- A bench led by CJI, asked the government to respond to the plea of entry of women into mosques by declaring their prohibition as illegal.
- The petition has been filed by Yasmeen Zuber Ahmad and Zuber Ahmad.
- At present, women are allowed enter Jamaat-e-Islami and Mujaheedin denominations.
The bench, headed by Chief Justice of India Ranjan Gogoi, requested the government to respond to the petition filed by couple Zuber Ahmad and Yasmin Zuber Ahmad challenging the prohibition of entry of women into mosques. They said it is illegal, derogatory and unconstitutional. They requested the court to direct All India Muslim Personal Law Board and Central Waqf Council to allow the women to enter mosques.
In April, during the filing of the petition, the court stated that it was compelled to hear their plea in the background of the verdict on Sabrimala temple matter, in which Constitution Bench had made a declaration that ban on women of a certain age is unconstitutional and discriminatory.
“There should not be any gender discrimination, and allow Muslim women to offer prayers in all mosques, cutting across all denominations. There is no discrimination to offer worship in Mecca- the holiest city of Islam. Both men and women together circle Kaaba,” the petition stated.
Currently, women are allowed to offer prayers at mosques under Jamaat-e-Islami and Mujahid denominations. Women are prohibited to enter mosques by the Sunni community. Even if they are allowed separate entrances are allotted to men and women.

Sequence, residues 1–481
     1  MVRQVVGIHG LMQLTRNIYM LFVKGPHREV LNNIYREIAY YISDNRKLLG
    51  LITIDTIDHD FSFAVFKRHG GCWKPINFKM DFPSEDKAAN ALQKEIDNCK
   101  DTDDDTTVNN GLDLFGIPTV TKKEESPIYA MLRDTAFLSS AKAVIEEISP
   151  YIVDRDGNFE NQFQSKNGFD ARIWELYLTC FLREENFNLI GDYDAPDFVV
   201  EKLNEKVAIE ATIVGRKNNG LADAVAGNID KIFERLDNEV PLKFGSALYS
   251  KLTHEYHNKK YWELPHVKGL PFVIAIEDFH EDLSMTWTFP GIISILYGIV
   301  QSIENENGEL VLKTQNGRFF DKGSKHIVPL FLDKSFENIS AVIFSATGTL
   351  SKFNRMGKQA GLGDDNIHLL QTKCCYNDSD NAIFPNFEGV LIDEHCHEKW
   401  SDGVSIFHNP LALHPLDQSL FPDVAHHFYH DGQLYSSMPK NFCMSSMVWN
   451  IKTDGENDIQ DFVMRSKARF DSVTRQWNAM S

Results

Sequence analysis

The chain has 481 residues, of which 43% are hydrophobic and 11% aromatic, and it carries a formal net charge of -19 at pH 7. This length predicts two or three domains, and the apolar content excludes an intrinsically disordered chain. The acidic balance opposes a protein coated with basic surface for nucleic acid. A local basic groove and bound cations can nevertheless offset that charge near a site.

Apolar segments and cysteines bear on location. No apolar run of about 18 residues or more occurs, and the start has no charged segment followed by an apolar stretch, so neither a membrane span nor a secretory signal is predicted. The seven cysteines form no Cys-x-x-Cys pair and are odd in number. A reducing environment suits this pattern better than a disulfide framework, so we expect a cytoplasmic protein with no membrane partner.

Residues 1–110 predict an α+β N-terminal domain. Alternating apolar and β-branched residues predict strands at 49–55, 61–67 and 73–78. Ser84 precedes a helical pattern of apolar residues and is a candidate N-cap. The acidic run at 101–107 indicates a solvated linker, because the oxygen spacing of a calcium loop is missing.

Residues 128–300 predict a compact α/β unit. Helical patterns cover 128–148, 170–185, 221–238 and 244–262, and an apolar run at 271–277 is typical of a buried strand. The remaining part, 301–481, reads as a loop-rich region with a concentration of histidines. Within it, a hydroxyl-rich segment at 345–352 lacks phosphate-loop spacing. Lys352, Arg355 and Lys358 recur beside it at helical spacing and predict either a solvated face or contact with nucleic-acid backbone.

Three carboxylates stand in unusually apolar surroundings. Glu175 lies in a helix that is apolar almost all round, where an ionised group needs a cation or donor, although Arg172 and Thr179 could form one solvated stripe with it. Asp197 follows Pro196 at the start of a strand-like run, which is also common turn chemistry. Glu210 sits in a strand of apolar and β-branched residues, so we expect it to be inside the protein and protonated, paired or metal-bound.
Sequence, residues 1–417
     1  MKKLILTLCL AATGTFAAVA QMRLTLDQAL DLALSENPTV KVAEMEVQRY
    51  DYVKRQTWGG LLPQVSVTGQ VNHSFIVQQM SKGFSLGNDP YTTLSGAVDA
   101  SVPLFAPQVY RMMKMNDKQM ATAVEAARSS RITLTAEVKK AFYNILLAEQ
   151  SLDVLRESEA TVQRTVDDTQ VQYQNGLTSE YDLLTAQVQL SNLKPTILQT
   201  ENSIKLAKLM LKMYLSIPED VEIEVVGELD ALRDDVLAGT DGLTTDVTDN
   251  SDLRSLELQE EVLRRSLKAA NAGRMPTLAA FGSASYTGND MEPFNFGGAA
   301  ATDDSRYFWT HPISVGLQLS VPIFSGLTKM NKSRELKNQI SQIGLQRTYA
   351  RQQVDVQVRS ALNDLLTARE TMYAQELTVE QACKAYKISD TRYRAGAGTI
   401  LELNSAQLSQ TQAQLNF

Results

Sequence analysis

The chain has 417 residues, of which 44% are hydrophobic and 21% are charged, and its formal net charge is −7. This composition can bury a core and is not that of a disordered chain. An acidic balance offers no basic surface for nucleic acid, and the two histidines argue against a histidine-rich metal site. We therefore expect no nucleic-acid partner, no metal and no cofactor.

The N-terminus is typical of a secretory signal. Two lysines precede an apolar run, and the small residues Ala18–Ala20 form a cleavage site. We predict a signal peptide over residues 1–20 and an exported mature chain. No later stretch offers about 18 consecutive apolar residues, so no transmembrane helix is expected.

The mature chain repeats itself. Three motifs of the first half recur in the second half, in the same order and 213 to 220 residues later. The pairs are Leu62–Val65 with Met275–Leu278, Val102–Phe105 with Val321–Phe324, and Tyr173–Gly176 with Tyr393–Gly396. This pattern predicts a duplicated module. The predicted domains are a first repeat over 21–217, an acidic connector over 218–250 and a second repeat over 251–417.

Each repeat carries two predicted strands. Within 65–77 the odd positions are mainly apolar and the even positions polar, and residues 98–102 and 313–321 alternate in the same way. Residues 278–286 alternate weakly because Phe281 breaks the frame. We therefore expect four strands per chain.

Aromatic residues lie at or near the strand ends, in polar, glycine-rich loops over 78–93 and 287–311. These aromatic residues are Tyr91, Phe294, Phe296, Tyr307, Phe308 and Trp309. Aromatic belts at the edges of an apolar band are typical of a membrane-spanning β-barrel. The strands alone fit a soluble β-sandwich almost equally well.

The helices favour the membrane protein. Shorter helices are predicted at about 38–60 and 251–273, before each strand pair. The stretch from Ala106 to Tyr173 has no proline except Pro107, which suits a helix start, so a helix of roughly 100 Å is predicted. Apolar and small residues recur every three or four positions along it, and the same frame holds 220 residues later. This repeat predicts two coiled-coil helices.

The petition argued that such a bar was “violative of Article 44 of the Indian Constitution which encourages the state to secure a Uniform Civil Code for all Indian Citizens by abrogating discrepancies between personal laws currently being followed.
In April, the court expressed doubts about whether such cases should be filed against people who pray and run the mosques.
The fundamental right to equality mentioned in Article 14 is applicable to the state. “Is mosque a ‘state’? Is Church a ‘state’? Is temple a ‘state’? We are not talking with reference to cement and mortar that are used in building the mosques but people offering prayers over there. Can the fundamental right pf equality be imposed against another human being?” it asked.